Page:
Dry Eye Disease Prevalent in Adolescents After Allogeneic Bone Marrow Transplantation
In this retrospective cohort study, 162 patients between the ages of 7 and 18 years (mean age of 13.4 years) who underwent a bone marrow transplantation were included. Patient were followed from 13 months to 12 years (mean 4 years, median 3.2 years) and charts were screened for cataract formation, dry eye, and other anterior and posterior segment disease.
Dry eyes developed in 51 of the 162 patients, with age at transplantation, steroid use, chronic graft-versus-host disease, fludarabine use, melphalan use, thiotepa use, and receiving no pre-transplant conditioning regimen prior to bone marrow transplant significantly increasing the risk of dry eye syndrome (P < 0.05). A multivariate analysis showed that chronic graft-versus-host disease was a significant risk factor for dry eye syndrome.
In addition, cataracts were noted in 57 patients, with 4 (6 eyes) patients requiring cataract surgery. Fractionated total body irradiation, race, and use of cytarabine significantly increased the incidence of cataracts forming (P < 0.05). A multivariate analysis of significant variables showed that total body irradiation was a risk factor for cataract formation.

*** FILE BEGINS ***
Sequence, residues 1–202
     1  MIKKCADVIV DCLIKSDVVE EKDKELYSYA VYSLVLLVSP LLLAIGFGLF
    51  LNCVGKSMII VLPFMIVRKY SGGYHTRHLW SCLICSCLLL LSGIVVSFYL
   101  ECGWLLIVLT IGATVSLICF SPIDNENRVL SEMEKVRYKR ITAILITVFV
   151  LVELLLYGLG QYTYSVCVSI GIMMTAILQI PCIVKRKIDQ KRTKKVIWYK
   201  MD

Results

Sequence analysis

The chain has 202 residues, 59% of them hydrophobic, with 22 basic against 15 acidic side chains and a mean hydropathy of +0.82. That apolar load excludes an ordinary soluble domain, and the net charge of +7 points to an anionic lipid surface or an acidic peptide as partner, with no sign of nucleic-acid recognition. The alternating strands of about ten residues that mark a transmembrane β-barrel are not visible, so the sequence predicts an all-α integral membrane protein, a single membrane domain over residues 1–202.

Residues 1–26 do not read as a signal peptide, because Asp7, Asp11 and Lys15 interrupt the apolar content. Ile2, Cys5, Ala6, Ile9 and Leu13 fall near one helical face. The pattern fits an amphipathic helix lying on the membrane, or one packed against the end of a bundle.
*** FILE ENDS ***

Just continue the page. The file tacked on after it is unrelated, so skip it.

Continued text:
The study authors concluded that adolescent and school-age children who have had an allogeneic bone marrow transplant should be screened yearly by a pediatric of general ophthalmologist.
Hoehn ME, Vestal R, Calderwood J, et al. Ocular complications in school-age children and adolescents after allogeneic bone marrow transplantation. Am J Ophthalmol. 2020 Jan 2019 [Online ahead of print]. DOI: 10.1016/j.ajo.2020.01.025